Dating back to 1995 (MLB set up the current three-division system in 1994, but the strike cancelled the postseason, making 1995 the perfect year to begin our research), there have been 13 teams who won a division in which no other division rival topped .500. If it’s true that being a soft division has a negative impact come October, there should be a discernible pattern in the postseason results of these 13 teams.

“Soft Division” Winners, Wild Card Era

Year Team Record Seed 2nd place Playoff result
Year Team Record Seed 2nd place Playoff result
2014 Washington Nationals 99-66 1 79-83 Loss to wild card Giants in NLDS
2013 Los Angeles Dodgers 92-70 3 81-81 Loss to top seed Cardinals in NLCS
2011 Detroit Tigers 95-67 3 80-82 Loss to two seed Rangers in ALCS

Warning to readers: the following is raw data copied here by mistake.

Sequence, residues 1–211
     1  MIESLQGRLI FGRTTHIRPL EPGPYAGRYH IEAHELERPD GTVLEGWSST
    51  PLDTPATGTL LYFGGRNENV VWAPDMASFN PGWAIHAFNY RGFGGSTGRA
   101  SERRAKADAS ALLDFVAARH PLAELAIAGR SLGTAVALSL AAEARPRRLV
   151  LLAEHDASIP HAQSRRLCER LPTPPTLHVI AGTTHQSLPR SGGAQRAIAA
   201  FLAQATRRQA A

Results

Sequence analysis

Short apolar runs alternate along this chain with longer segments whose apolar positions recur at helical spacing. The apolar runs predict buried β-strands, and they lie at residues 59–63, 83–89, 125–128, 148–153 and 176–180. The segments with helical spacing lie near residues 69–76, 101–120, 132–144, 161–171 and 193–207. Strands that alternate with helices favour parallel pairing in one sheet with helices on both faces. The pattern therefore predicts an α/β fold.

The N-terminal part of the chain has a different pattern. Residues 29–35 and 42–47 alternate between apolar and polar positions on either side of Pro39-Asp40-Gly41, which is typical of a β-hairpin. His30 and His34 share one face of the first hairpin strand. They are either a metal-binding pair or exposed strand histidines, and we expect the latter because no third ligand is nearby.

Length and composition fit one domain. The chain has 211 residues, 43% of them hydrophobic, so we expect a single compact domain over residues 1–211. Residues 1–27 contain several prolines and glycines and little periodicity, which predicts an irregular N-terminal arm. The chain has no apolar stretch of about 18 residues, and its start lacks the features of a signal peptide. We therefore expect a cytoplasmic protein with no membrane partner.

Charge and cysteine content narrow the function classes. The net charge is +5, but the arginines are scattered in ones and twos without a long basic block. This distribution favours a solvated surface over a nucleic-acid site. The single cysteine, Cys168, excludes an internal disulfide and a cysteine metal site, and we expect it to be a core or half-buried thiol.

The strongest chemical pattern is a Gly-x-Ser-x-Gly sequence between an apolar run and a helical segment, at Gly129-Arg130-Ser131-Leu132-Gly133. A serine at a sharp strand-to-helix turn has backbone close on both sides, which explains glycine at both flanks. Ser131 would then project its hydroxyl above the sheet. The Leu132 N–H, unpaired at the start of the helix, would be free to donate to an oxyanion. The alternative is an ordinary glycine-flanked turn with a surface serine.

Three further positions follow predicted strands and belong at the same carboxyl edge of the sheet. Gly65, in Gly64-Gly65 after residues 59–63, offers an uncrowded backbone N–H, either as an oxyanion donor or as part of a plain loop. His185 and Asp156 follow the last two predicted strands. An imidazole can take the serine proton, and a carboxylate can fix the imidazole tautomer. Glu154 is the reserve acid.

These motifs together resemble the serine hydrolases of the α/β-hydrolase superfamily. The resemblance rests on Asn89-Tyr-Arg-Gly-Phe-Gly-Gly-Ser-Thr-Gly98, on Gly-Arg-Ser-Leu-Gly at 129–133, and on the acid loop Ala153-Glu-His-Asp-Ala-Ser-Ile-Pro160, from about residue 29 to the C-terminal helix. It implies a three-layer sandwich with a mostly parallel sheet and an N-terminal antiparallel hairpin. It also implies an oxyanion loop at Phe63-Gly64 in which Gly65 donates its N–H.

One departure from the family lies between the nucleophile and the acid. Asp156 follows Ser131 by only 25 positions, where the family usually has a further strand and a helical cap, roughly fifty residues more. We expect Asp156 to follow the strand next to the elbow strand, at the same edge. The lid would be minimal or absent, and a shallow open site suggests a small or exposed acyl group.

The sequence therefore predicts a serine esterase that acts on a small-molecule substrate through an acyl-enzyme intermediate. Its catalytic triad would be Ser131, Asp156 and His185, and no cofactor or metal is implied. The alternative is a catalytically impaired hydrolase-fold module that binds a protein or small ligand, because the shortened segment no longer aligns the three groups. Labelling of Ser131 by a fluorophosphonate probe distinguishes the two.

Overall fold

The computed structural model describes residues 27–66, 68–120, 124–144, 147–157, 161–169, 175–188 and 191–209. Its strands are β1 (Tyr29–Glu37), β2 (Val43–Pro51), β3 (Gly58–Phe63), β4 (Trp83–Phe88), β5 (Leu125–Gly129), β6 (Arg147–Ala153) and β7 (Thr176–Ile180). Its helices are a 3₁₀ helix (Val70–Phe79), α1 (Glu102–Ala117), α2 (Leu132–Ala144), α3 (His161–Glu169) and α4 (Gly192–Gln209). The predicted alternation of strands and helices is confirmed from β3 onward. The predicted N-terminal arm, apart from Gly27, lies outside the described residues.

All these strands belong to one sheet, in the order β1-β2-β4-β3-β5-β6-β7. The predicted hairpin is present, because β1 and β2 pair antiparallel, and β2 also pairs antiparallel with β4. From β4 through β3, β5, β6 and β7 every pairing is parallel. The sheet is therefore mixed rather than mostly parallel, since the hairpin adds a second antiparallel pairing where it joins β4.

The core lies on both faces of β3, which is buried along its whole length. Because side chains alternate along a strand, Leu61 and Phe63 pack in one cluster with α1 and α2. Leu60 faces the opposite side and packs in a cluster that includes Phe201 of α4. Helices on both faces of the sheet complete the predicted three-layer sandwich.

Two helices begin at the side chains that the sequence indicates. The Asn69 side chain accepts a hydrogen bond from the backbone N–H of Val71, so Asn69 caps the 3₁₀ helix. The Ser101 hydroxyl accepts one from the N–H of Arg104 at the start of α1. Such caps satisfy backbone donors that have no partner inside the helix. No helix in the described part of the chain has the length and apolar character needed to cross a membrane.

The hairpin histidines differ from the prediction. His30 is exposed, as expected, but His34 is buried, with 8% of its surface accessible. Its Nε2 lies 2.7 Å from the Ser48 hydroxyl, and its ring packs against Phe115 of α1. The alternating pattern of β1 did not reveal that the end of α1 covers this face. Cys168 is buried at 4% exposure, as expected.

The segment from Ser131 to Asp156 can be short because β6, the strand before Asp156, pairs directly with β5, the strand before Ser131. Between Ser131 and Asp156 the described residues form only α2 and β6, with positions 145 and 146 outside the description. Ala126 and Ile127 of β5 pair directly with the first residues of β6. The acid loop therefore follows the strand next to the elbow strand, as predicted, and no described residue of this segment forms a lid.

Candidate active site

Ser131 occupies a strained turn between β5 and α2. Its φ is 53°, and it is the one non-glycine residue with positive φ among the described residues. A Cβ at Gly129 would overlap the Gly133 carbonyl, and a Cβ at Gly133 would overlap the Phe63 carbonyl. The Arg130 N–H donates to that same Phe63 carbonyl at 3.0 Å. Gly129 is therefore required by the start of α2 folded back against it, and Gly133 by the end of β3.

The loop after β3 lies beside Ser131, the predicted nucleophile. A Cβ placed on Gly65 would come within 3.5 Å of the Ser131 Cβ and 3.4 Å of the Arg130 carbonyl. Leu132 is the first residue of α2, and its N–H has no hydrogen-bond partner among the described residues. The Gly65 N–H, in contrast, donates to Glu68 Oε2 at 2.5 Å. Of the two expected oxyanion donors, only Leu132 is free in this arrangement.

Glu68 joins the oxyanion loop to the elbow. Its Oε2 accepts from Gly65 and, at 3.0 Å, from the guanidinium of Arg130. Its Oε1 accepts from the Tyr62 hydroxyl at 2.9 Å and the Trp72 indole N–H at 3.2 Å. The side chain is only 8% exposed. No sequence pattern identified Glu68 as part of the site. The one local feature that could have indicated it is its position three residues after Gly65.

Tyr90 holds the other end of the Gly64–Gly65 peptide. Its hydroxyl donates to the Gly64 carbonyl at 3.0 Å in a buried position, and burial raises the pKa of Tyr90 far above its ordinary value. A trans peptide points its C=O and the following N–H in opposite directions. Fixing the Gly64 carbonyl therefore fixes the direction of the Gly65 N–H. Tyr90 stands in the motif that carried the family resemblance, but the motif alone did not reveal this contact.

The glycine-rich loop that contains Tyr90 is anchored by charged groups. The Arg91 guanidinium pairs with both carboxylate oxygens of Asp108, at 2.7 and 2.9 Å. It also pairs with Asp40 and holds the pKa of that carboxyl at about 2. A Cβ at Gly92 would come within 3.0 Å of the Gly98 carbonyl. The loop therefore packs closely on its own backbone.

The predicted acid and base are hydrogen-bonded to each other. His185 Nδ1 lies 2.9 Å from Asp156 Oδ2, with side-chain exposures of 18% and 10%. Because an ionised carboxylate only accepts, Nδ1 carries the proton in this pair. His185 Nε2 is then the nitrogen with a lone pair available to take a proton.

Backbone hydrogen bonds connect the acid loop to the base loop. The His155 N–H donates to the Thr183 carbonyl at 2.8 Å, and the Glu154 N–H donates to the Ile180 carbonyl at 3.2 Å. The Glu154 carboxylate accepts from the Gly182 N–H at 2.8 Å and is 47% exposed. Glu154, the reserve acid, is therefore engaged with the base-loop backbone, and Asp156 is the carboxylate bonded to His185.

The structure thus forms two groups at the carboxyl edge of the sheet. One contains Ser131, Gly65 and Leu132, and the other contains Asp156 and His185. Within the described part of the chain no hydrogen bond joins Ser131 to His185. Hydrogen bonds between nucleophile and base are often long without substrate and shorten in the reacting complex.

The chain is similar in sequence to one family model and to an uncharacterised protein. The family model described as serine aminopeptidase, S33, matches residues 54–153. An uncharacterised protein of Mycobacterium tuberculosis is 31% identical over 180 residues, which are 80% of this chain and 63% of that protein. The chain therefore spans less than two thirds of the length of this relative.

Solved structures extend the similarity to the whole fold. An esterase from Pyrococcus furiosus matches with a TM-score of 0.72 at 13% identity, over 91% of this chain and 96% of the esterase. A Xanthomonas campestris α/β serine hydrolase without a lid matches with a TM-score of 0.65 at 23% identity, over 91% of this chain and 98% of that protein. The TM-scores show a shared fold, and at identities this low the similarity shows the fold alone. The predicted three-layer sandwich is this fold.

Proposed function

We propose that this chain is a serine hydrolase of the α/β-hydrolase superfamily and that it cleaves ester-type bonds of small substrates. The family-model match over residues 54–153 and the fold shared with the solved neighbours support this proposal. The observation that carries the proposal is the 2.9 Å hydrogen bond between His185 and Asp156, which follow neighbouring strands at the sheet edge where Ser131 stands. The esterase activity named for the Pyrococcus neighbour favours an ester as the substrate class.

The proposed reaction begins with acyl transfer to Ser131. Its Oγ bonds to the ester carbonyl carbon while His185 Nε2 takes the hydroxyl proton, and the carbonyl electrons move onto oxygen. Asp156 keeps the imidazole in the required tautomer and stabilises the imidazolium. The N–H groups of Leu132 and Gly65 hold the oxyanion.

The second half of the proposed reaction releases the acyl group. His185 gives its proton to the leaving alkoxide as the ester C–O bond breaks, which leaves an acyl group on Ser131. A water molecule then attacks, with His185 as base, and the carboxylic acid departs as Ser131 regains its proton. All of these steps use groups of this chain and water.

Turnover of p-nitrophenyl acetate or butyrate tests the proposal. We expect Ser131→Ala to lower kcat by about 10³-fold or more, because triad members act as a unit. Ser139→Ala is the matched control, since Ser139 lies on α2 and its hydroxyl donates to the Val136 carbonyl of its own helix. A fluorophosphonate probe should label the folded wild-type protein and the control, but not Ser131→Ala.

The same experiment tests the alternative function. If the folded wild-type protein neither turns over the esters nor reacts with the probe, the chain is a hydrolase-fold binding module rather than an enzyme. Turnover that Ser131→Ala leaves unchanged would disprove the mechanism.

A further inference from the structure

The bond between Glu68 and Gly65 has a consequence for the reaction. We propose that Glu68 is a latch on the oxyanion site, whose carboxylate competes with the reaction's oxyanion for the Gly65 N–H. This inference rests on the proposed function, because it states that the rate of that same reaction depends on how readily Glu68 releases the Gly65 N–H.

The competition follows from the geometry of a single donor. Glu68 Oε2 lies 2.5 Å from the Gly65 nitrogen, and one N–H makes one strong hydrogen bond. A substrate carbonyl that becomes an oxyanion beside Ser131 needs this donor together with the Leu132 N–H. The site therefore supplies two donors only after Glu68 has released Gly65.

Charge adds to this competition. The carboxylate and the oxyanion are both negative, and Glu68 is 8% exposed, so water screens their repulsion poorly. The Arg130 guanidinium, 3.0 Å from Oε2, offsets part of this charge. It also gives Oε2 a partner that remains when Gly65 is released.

2010 Texas Rangers 90-72 3 81-81 Loss in World Series
2008 Los Angeles Angels 100-62 1 79-83 Loss to wild card Red Sox in ALDS
2005 San Diego Padres 82-80 3 77-85 Loss to top seed Cardinals in NLDS
2002 Minnesota Twins 96-47 3 81-81 Loss to wild card Angels in ALCS
1999 Cleveland Baseball Team 97-65 2 75-86 Loss to wild card Red Sox in ALDS
1998 Cleveland Baseball Team 89-73 2 80-82 Loss to top seed Yankees in ALCS
1997 Cleveland Baseball Team 86-75 3 80-81 Loss in World Series
1997 Houston Astros 84-78 3 79-83 Loss to top seed Braves in NLDS
1995 Cleveland Baseball Team 100-44 1 70-74 Loss in World Series
1995 Atlanta Braves 90-54 1 69-75 Won World Series

So what does that chart tell us? The results are a bit mixed. Using each team’s playoff seed and how far they got in the playoffs, if we split the 13 teams listed above into three buckets: overachievers, underachievers, and Dennis Green achievers (“They are who we thought they were!”), we get the following breakdown:

“Soft Division” Winners, Bucketed

Overachievers Underachievers Dennis Green achievers
Overachievers Underachievers Dennis Green achievers
2011 Tigers 2014 Nationals 2013 Dodgers
2010 Rangers 2008 Angels 2005 Padres
2002 Twins 1999 Cleveland 1998 Cleveland
1997 Cleveland 1997 Astros
1995 Cleveland
1995 Braves